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Merry Berry

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  1. Of course he did. What do you know about chocolate and the EZtemper πŸ™„ Don't ya just love it when people ask for help, but swear it just CANNOT be them that is causing the problem?
  2. Chocolates with that backroom finish is probably what you are looking for.
  3. Didn't even tell us what they are filled with...how rude πŸ˜‹ Just joking. Those are beautiful.
  4. I always used dish washing gloves when I would pull sugar. Minas6907 suggestion looks like a winner too.
  5. How about something like a craqueline? Would that work since it is basically a sugar cookie paste. Roll it thin, cut out pieces with an upside down piping tip and bake off? I was going to try that first, but your idea, Jim, sounds good too. I guess since no one else is chiming in, it is time to experiment this weekend haha.
  6. We have been in the 90s and nearly touching 100 during the past few days and it looks like that is the norm for the next couple of weeks. But coupled with that is about zero cloud cover nor humidity. That means our lows at night will be in the mid 60's. Couple that with the production facility I utilize is located on a nearby mountain that is typically 5-7Β°F cooler and I am planning some chocolate production for a change. Midnight Chocolate Run?
  7. Merry Berry


    I have GOT to make these!!! Just have to source some molds first.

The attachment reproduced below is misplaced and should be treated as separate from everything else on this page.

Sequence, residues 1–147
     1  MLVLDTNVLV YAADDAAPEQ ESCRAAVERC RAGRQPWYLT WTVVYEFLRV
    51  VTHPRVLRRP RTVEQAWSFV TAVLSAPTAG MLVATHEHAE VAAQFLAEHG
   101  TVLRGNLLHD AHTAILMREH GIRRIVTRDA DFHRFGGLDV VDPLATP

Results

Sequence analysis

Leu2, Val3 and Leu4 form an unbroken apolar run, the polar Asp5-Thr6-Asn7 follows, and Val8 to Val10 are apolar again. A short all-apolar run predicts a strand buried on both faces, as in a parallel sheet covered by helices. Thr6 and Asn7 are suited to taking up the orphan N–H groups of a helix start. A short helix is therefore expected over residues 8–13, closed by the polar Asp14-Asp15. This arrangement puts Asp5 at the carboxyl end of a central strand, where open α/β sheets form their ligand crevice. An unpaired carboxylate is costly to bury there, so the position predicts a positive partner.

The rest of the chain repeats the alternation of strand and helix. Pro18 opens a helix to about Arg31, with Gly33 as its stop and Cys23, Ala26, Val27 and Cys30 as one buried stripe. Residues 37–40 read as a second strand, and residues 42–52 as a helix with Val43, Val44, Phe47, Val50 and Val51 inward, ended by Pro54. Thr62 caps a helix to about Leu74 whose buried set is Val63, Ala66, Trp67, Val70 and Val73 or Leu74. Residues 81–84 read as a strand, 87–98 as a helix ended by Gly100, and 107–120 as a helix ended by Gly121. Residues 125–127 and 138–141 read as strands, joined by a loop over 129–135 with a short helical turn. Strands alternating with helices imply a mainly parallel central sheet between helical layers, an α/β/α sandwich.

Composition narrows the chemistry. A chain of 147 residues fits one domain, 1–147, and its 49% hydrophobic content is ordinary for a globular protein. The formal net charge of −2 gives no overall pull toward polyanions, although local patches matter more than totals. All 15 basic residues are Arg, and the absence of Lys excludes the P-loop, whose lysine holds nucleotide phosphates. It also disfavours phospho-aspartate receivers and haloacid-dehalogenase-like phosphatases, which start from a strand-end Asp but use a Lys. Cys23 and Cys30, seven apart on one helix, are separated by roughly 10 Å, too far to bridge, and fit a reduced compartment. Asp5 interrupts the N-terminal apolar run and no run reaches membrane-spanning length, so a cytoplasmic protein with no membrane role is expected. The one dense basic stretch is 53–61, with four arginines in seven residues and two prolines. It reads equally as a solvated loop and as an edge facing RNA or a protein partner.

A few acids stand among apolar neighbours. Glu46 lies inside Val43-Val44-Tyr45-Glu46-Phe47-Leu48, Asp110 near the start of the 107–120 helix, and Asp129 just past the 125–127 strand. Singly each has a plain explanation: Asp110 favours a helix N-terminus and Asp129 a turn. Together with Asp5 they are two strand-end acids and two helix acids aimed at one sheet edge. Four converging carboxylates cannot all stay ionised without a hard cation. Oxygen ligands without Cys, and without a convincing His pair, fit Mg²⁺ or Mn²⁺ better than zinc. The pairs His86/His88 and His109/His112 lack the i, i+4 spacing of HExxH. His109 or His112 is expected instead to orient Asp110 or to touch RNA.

8. Well sounds like you have thought it through. I should have known you would have from reading other posts on here from you haha. Staunton might be small, but what is the surrounding area population? Of course, going further outside your zone might not be desirable, but that would be my first inclination. 20k is a good start, but from looking at the map, it appears your 100 mile radius puts you within quite a bit of population. But I understand if you are not trying to work that hard as you mentioned earlier. That would be a tough game of selling all over the map and trying to make chocolates. As far as Hershey's, blech. I am quick to sample someone my chocolate's (or nearly anyone else's for that matter) tabled with Hershey's. I know it is "popular", but once you start to educate people on that disgusting burn in the back of the throat Hershey's causes, then they start to notice it and how smooth artisan chocolate can be. How many people say they "hate" dark chocolate, but change their tune when they try good dark chocolate paired with great flavorings? I know that is an uphill fight in some ways, but younger people seem to be bigger fans of chocolate other than the same ole same old. As far as a profit. Are you not showing a profit at all from year to year? If so, then what keeps you doing it exactly (I know profit on taxes is not always equal to profit in the real world)? I do not know your situation, but I would believe you qualify in nearly each category of Hobby vs Business https://www.journalofaccountancy.com/issues/2013/oct/20138370.html . If your loss is really close year to year, then that typically passes the smell taste with the IRS, but obviously I would listen to the professional you mentioned beforeπŸ˜‰ Just a few thoughts, but I am sure you have probably thought about them already. I hope your increase in price is a success!!